Nathan Logan, ASLA, PLA, SMALLWOOD
In 2012, the City of Alpharetta, Georgia, embarked on a journey that would transform the city for generations. Alpharetta is a suburb of Atlanta with an estimated population of around 65,000. The city had long been a popular destination for young families moving out of the Atlanta area and for a growing technology business sector but like many suburban communities, Alpharetta lacked a true identity and a place where the community could connect. Mayor David Belle Isle, the City Council, David M. Schwarz Architects, and SMALLWOOD set out on a master planning effort that could change the image of the
city and produce a "place" for everyone to
Alpharetta has always prided itself on being a "Tree City" as recognized by the Arbor Day Foundation and felt that it was important that their new city center incorporate a substantial amount of green space as part of their new identity. SMALLWOOD was tasked with designing and developing a five-acre city park, a one-acre town square, a pocket park in between the new city hall and new county library and a tree-lined streetscape to connect the new downtown to neighboring sites.
William "Holly" Whyte, an American urbanist and self-proclaimed people watcher, once stated "It's hard to design a space that will not attract people. What is remarkable is how often this has been accomplished." One of the goals for the design of Alpharetta's new city center was to create places that people would use and go to often. Urban parks were originally designed so that people could escape the harshness of city life. The best parks today also include active uses and are a driver of community development.
The City of Alpharetta wanted the green spaces in their new center to be dynamic spaces where the community could gather, neighbors could meet and children could develop memories that they would carry into adulthood and make them always yearn to return home to the city they grew up in. Variety is the spice of life and the same is true in designing outdoor spaces. The more variety and flexibility that is built into the design, the more choices end-users will have to utilize the space for their needs and the more activity is created.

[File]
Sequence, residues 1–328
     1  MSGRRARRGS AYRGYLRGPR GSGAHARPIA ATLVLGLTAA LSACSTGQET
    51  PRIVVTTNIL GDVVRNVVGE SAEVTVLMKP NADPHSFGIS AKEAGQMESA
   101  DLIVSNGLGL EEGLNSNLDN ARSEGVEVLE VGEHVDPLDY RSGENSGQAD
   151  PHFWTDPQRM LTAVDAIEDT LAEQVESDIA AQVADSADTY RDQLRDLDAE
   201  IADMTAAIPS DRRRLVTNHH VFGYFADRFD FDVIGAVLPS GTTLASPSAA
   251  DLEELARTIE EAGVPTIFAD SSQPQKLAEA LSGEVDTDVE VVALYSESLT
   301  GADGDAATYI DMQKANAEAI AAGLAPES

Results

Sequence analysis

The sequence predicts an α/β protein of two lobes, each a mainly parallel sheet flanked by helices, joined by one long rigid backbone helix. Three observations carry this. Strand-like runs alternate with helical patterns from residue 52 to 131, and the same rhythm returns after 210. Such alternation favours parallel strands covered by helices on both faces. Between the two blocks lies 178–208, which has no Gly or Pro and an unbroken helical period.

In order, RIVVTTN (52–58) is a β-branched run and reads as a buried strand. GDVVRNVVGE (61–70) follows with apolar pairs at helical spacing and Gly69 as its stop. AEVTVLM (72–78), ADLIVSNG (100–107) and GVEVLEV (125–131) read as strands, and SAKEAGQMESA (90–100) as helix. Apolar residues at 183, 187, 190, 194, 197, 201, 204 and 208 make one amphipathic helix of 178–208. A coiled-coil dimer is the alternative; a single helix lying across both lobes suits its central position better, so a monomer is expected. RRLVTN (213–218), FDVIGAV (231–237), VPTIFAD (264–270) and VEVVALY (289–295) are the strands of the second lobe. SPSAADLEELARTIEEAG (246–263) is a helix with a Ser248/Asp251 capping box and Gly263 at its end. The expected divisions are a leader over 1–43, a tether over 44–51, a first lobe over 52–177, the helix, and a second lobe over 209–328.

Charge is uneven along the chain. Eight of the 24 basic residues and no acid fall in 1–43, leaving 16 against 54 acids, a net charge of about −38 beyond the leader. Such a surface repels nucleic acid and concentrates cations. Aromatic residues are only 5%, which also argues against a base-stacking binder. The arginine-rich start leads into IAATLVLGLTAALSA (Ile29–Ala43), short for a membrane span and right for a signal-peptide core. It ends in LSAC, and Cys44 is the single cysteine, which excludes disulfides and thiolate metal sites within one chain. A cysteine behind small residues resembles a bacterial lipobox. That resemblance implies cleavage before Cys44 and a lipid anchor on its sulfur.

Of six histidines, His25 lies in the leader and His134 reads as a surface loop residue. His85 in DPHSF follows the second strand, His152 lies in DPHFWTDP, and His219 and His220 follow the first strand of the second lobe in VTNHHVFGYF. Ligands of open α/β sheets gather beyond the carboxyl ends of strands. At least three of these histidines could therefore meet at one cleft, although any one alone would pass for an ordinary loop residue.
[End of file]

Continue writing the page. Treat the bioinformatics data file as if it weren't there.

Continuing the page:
The Town Green
Alpharetta has a strong community development department with a full calendar of programming and activities where space is needed. The town green was designed with this flexibility in mind. The design avoided physical obstructions to the greatest degree possible so that the city had the flexibility to use the space for whatever events they currently had or would have in the future. A balance of hardscape and turf was achieved to allow for the Farmer's Market set-ups and festival tents as well as plenty of open space for gathering and free-flowing circulation. An interactive fountain was designed at one end of the green to spur daily activity and was devised so that it could be turned off for a stage to be assembled on top of it for "concerts on the lawn" events.
The City Park
For larger events, a natural amphitheater was conceived for the backyard of the new city hall and part of the five acre city park. At the base of the amphitheater, a bandstand was placed to allow for anything from orchestras to small musical groups to singer-songwriters. The park was intentionally designed around the city hall to further create a feeling of connection between the community and their local government.
Many times, towns are arranged so that government facilities are consolidated in an area of town where people would only go if they specifically had business to do with the government. At night, these areas become ghost towns. The designer's intent was to immerse the government in the daily activities of the community so that elected officials and government employees were "living life" alongside their constituents. A city center brings communities together and, in this case, brings them together in a powerful civic way.